Under the Surface
ou can tell it in Marit Larsen and Marion Raven’s wardrobe: even in the capital of pop music (Scandinavia, but mostly just Sweden and Norway) the times they are a’changing. Raven’s recent solo album was prime bubble-grunge, helped along by Art Alexakis and Nikki Sixx, and its cover recalls one of Janis Joplin’s most famous photographs. Larsen’s new solo album, on the other hand, trades heavily in country-pop and in the demos that Fiona Apple left off Extraordinary Machine. It’s a far cry from M2M, and both of them are the better for it.
Marit, more so, because the world already has Avril and Ashlee for scrunched-up-face angst rock, but nothing quite like the quirky and original Under the Surface. Because what mega-pop star in the States is going to write a song that sprinkles girlish glee on top of banjo, harmonica, lap-steel (or weeping strings, I can’t tell which), and a completely accidental sounding whistle (OK, maybe Gwen, but still)? That track’s called “Only a Fool,” by the way, and it’s brilliant.
“The Sinking Game” might be better. It’s a barroom ditty, full of Larsen’s ebullient caterwaul on the chorus, jazzy piano, and a percussion built around everything except hitting the snare and the bass in a straight-forward way. Oh. And a trumpet that flies in for a few seconds at the end, as though it heard the party down the block and got there just in time to join in.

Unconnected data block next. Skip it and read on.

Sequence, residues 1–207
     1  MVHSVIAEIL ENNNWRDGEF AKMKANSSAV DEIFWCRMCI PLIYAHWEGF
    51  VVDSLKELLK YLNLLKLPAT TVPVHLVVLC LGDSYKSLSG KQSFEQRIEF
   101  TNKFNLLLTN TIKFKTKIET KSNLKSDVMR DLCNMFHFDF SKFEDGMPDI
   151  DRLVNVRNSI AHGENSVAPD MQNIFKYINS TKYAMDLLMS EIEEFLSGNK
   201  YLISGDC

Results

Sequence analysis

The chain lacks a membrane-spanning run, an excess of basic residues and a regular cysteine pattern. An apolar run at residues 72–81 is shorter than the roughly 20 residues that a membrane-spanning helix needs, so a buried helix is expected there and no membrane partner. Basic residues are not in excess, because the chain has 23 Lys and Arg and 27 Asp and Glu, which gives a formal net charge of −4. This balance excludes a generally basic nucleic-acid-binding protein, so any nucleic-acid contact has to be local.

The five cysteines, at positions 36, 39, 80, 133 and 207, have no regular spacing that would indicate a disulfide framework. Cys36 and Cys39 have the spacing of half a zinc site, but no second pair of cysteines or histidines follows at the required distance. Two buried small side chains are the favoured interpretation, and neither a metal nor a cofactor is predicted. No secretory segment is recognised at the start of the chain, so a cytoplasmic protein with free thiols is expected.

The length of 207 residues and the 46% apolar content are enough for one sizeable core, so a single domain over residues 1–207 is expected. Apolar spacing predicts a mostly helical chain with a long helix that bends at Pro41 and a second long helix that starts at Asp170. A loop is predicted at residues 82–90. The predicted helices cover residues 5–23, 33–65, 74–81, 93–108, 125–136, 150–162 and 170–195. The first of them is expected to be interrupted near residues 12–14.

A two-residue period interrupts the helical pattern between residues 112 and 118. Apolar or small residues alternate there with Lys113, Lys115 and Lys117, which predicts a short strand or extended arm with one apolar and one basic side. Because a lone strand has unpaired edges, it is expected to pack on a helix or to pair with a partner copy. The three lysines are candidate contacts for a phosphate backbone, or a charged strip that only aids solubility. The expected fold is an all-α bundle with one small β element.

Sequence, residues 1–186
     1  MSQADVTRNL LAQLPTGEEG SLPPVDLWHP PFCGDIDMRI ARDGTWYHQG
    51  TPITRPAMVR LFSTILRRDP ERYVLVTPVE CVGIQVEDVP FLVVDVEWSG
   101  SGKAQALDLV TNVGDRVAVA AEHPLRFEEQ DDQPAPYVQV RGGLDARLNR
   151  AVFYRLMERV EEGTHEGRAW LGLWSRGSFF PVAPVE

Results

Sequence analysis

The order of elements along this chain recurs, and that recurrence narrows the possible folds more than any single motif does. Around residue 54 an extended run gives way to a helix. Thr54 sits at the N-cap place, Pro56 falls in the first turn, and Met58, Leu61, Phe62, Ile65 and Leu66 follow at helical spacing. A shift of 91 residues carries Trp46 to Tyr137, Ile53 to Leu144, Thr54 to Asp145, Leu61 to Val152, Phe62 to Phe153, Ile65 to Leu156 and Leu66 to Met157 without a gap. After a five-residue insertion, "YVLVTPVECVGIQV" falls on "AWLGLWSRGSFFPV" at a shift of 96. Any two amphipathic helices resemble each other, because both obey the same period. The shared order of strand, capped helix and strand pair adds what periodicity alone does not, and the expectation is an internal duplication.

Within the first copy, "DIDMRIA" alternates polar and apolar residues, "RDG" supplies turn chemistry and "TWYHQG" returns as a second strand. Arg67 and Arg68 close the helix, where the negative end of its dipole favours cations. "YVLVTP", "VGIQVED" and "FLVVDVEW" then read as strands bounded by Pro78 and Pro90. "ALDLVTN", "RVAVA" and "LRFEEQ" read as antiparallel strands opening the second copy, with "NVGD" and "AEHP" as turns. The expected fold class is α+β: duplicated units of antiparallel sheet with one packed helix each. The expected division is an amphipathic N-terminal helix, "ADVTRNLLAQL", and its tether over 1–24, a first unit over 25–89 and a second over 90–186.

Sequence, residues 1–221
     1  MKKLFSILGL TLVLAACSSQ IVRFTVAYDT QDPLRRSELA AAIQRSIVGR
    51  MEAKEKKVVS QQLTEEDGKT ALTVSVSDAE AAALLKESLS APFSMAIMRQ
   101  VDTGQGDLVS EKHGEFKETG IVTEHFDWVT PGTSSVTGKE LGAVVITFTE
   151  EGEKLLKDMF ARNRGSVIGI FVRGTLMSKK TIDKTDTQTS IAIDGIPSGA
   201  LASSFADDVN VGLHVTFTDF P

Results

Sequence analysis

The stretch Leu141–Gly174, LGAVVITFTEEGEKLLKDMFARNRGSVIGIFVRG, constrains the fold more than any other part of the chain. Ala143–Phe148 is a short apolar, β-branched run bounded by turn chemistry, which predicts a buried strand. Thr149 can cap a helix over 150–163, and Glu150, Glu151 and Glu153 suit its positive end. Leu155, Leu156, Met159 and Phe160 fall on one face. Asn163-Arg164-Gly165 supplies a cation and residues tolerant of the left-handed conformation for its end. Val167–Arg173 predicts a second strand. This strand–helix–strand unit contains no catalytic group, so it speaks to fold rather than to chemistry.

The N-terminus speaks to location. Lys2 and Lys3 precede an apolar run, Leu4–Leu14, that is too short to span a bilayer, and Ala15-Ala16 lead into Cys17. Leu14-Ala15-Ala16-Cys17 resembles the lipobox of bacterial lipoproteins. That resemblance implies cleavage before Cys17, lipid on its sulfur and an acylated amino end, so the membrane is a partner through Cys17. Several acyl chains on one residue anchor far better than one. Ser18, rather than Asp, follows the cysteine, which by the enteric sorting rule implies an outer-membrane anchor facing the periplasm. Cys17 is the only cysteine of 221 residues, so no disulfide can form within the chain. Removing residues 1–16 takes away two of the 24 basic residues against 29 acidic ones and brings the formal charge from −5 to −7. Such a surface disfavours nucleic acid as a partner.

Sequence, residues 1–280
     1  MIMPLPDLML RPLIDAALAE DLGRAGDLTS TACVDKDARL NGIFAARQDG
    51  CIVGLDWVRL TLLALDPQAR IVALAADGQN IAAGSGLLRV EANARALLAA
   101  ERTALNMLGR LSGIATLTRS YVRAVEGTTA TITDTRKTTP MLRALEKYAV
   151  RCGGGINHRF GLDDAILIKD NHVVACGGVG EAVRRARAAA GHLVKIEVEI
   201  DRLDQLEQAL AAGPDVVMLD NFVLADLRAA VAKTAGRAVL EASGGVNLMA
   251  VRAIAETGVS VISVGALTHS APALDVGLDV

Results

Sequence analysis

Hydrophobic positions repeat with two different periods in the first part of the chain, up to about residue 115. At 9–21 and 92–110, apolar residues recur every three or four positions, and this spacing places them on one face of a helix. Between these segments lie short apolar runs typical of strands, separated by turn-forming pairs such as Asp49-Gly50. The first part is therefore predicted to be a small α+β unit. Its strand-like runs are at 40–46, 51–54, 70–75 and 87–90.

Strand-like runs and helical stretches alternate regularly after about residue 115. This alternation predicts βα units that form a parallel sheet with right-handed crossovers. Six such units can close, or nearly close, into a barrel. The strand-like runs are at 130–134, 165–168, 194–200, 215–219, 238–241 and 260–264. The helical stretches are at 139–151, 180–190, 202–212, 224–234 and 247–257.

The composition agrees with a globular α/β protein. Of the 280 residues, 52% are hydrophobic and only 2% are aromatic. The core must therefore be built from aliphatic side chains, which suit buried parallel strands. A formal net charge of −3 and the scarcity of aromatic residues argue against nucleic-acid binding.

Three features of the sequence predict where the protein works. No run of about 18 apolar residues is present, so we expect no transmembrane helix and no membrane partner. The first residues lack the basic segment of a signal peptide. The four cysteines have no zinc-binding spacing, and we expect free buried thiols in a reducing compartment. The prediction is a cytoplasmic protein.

And there’s always the oft-hyped “Don’t Save Me,” which somehow merges Roxy Music, Mel & Kim (only the latter), and Barenaked Ladies. (Don’t worry, it works.) Crucially, though, even when the arrangements aren’t quite up to the task (this is rare, mind), Larsen’s voice saves what would be lesser moments. On “Solid Ground” she moves up and down, revealing monumental shifts of emotion in a moment, allowing unpredictability to reign when stridency has failed, and turning what was once a simple song into a tour de force. And when it comes together, as on “This Time Tomorrow,” the result is an unfettered joy that’s been missing from the girl-with-guitar genre for some time. Even if she’s often singing about “Poison Passion’”s and “memory scar’”s.
Now I won’t defend Under the Surface to people that are more than willing to call this AOR. But I do so for the following reasons: a) you obviously haven’t taken the time to listen to more than two songs (one of which might be “Solid Ground”), b) you’re just as bad as someone who gets frustrated when people can’t get past Jeff Mangum’s voice and c) you’re wrong. For those reading this simply looking for tips towards the best sort of pop music being made outside of the US/UK, consider this your whisper in the ear.